This is a general theme running throughout the Game, and on both a micro and macro level, there’s a constant element of “have I just not figured this out, or can I legitimately not do it because I need something else”, and there are times when the answer’s the former, and others when it’s the latter (more the former in my case, if I’m being honest). Whether it’s a treasure chest in a specific dungeon, or one lying around in Hyrule, or even just a side quest that’s stumped you, it’s quite hard to do justice to how addictive that element can be. And it’s bordering on genius anyway, but it’s an element that’s effectively doubled by the Game’s feature of playing as either a human link, or a Wolf-ey, sacred beast-ey one. In practice, that means every time you are trying to figure something out, you’ll try all your tricks/gadgets as human Link, before then trying them as Wolf-ey Link, before then trying various combinations of the two. This, I think, highlights just how well thought out the world of Twilight Princess is, and if you can be arsed, there are multiple levels of hidden goodies and such which will require you to be constantly probing and testing every inch of it – and going back to previously covered areas to probe and test them all over again. Obviously that’s a fairly common feature of Zelda games in general, but given it’s a while since I’ve played one, I couldn’t help but be wowed by it anew. Even now, after sixty plus hours and with every gadget etc at my disposal, there are still some chests that I can’t fucking figure out yet.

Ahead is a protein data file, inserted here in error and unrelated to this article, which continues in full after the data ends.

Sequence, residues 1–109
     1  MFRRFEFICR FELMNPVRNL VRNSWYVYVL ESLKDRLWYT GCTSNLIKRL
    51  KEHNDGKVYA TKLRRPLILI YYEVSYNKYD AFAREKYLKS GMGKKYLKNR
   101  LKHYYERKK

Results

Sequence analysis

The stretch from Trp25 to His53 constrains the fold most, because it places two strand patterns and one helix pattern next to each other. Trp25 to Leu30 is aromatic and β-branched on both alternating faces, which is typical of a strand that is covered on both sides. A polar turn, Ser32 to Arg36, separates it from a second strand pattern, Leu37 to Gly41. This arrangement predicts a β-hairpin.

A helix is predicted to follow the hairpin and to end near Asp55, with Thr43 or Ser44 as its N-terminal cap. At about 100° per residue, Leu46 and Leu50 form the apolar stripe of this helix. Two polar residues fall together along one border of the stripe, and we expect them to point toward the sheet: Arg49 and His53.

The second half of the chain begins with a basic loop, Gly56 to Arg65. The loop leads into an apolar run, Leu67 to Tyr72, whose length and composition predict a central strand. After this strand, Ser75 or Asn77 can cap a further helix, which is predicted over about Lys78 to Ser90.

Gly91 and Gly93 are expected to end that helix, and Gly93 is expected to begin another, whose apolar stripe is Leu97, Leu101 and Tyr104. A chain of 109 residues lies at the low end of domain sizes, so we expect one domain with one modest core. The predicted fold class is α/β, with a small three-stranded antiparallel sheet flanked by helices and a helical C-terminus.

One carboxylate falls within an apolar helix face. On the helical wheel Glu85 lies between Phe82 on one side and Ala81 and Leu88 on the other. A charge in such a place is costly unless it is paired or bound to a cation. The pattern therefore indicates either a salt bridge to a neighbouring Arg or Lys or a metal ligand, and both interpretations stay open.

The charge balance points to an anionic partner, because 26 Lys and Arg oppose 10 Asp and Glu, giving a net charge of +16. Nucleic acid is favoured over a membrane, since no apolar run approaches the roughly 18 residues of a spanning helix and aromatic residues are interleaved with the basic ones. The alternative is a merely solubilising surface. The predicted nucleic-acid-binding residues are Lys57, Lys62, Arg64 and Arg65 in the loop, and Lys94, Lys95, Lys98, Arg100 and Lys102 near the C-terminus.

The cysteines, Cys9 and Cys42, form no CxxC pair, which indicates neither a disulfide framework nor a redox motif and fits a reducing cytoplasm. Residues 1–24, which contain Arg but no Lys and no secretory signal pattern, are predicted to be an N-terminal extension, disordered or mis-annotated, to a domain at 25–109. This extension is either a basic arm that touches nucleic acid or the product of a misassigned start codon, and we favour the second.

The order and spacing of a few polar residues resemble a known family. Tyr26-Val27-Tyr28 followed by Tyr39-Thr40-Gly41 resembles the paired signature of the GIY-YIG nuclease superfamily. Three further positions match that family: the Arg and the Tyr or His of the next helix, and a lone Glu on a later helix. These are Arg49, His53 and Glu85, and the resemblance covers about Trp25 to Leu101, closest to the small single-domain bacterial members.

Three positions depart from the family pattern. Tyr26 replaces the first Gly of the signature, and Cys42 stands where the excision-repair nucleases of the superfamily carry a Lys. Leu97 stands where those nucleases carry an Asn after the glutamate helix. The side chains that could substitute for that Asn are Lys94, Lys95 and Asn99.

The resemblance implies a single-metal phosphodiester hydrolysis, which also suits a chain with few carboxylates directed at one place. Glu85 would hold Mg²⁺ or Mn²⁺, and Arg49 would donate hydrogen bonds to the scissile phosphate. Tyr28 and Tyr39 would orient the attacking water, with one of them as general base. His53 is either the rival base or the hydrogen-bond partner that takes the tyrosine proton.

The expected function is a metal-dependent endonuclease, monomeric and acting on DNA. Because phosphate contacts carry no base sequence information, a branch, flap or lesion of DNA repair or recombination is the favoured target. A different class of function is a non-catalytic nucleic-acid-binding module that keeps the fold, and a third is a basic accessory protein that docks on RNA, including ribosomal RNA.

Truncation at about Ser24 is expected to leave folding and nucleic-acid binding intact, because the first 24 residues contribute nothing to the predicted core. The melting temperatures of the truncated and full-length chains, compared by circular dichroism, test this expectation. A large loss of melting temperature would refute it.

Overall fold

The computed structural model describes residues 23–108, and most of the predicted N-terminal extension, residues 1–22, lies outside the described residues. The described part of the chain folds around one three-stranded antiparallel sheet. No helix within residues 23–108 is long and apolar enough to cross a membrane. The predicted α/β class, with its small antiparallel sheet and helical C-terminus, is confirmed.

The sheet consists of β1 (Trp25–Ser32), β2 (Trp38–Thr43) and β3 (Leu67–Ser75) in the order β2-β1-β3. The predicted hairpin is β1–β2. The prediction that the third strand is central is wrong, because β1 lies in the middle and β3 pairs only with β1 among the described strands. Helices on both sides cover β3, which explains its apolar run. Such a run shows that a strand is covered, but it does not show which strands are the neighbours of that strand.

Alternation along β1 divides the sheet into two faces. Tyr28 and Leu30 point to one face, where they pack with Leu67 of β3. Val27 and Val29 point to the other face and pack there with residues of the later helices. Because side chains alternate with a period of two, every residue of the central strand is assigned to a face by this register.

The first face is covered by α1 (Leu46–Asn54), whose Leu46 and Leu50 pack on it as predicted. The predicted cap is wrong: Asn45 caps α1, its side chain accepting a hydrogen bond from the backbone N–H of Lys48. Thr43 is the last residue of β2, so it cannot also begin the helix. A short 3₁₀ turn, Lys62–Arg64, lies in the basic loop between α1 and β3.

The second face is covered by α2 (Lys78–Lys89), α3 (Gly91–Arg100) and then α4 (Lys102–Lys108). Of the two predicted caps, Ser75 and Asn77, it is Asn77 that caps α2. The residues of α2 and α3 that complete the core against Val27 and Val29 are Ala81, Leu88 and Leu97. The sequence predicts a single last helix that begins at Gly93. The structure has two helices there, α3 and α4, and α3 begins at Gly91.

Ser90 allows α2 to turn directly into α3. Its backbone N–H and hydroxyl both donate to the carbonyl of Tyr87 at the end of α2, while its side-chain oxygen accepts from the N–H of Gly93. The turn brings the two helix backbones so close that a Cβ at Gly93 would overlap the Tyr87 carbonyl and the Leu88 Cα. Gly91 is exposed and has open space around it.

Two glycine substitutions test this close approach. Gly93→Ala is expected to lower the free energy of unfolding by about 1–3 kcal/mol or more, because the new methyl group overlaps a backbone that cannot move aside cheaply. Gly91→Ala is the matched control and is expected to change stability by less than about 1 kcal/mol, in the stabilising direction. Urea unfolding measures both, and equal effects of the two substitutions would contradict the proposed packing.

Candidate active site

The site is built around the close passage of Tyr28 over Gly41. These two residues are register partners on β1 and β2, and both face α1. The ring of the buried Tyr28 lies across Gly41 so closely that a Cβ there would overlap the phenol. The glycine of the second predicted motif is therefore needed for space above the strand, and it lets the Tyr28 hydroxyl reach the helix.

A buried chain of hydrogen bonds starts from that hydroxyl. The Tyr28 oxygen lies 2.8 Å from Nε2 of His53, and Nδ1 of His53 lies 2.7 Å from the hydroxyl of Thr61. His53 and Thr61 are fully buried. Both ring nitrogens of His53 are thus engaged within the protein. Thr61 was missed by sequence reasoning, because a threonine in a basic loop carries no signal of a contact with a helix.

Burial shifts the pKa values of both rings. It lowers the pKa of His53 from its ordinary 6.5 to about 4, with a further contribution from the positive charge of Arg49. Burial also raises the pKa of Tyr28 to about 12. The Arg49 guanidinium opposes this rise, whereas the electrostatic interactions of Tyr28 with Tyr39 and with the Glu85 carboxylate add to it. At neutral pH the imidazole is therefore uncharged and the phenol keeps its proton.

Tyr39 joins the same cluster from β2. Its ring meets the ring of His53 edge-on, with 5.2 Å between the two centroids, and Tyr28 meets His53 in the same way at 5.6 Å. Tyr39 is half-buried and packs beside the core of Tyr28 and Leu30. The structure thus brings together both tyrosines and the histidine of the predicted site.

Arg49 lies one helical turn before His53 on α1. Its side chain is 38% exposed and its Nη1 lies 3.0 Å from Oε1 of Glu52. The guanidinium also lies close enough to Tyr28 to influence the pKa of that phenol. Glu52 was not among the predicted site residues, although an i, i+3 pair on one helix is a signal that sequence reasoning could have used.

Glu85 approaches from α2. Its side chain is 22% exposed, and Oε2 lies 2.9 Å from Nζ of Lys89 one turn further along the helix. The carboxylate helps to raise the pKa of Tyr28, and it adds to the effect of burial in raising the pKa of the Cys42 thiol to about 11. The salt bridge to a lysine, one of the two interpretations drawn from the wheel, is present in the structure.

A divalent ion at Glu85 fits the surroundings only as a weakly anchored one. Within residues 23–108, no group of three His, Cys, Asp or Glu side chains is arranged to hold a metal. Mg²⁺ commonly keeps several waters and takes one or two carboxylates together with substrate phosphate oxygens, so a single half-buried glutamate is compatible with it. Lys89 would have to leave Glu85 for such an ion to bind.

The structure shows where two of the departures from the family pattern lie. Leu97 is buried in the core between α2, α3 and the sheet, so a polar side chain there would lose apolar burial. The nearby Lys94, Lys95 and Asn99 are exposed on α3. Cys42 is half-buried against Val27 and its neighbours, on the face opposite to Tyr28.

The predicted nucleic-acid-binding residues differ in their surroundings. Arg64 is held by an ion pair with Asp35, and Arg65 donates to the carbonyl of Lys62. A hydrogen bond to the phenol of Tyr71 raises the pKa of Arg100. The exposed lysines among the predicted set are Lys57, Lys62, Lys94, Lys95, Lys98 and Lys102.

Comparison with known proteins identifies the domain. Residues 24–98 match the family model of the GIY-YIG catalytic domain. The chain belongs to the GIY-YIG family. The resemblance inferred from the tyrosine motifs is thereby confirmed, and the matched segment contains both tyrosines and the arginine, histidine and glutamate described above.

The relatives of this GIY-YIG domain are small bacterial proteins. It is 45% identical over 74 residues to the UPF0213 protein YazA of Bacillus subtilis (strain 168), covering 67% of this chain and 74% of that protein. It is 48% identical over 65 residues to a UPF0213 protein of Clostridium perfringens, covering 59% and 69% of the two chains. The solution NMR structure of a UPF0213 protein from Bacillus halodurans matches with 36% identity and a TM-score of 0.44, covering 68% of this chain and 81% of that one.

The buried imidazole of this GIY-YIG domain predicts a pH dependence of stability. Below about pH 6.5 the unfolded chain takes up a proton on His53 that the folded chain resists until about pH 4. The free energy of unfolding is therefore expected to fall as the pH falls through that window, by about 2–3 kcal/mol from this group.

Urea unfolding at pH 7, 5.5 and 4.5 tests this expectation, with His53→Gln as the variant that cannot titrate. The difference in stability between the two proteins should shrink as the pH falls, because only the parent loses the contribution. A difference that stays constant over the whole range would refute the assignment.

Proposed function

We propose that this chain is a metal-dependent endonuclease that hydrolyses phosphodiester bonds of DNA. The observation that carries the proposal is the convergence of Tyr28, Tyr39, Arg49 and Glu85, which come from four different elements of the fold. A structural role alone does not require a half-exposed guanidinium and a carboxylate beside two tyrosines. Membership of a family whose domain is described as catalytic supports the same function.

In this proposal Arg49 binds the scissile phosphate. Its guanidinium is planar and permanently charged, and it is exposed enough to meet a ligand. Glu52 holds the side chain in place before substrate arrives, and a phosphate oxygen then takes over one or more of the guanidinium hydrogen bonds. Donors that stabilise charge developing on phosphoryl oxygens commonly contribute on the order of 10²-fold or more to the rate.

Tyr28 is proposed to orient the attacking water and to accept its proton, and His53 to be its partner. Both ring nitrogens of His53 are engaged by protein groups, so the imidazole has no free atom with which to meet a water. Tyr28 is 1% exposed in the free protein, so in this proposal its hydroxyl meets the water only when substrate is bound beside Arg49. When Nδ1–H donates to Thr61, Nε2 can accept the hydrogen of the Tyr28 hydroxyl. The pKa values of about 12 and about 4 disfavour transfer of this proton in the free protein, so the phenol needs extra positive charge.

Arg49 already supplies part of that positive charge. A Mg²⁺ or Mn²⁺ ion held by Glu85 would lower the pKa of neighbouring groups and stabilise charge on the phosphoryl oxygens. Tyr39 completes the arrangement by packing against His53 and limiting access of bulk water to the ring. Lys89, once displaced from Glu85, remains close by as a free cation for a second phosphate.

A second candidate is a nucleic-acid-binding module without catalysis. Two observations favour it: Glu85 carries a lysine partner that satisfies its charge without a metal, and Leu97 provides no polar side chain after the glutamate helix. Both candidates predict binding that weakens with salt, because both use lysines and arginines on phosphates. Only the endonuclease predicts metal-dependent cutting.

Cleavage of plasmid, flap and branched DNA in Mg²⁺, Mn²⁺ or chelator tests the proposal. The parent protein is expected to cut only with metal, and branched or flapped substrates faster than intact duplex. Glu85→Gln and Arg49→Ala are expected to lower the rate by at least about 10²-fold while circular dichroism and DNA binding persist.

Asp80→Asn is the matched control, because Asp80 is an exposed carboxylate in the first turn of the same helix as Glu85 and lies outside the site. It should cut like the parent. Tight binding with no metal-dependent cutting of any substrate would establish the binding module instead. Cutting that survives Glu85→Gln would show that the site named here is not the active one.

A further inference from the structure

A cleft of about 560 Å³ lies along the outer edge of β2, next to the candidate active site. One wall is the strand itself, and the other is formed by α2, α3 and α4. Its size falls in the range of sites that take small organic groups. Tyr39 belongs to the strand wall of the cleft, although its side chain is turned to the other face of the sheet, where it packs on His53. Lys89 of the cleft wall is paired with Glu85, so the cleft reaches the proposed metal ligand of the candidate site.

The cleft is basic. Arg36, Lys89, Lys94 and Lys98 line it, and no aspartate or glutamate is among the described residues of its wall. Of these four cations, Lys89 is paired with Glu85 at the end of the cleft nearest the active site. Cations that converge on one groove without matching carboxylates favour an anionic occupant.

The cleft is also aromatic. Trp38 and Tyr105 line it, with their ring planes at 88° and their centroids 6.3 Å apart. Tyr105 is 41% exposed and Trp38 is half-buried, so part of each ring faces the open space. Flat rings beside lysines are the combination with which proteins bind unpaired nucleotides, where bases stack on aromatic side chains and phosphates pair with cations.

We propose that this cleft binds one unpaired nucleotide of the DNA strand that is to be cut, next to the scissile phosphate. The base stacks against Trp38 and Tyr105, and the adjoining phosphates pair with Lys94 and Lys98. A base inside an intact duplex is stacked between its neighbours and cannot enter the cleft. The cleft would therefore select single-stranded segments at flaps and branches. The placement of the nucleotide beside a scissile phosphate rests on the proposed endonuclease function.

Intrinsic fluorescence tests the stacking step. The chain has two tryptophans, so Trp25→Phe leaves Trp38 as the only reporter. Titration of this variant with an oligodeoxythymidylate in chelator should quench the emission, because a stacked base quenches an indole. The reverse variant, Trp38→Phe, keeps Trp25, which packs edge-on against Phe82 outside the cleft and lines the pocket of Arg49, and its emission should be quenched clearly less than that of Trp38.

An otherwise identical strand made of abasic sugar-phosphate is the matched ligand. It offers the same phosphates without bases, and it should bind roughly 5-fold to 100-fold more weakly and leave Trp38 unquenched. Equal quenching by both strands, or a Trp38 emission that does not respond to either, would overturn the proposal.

Going back to the overall quest, that’s also a feature too, but if you are stumped, or not in the mood for dicking around, you can get hints from Midna – your weirdly weird companion for much of Twilight Princess – and she’ll helpfully point you in the right direction (often with a distinct hint of “duh, numbnuts” inherent in her response, which is a bit fucking rich given you’re currently sorting her shit out for her, but whatevs). The main quest itself, on the face of it, isn’t anything particularly groundbreaking but, like much of TP, it works reasonably well because – even though you’re essentially doing similar things over and over again – the subtle increases in difficulty, and in what’s available to you to deal with this, are sufficiently well balanced and well thought-out. Like in many good RPGs, there’s a decent trade-off between challenge and ability, with various ways to augment the latter in order to mitigate the former. There are a few types of enemies that’ll prove challenging to kill if you haven’t learned particular moves, for example, and you learn particular moves by howling a particular tune at stones in your Wolf-ey form, before then being taught secret ancient combat techniques by a dead warrior in your human form (because, Zelda!). I discovered this by accident – later than I probably should’ve – and not only did it unlock another layer of discovery in the game but, more importantly, I actually understood why I’d been getting my ass handed to me by certain types of enemies. Again, this is a tried-and-tested element of The Quest genre, and in particular Zelda games – the journey from ordinary, powerless person to accomplished kick-ass warrior – but in Twilight Princess, not only is it quintessentially Zeldary (see again: howling at stones), but it gives the player options; an element of freedom in how they approach their own game.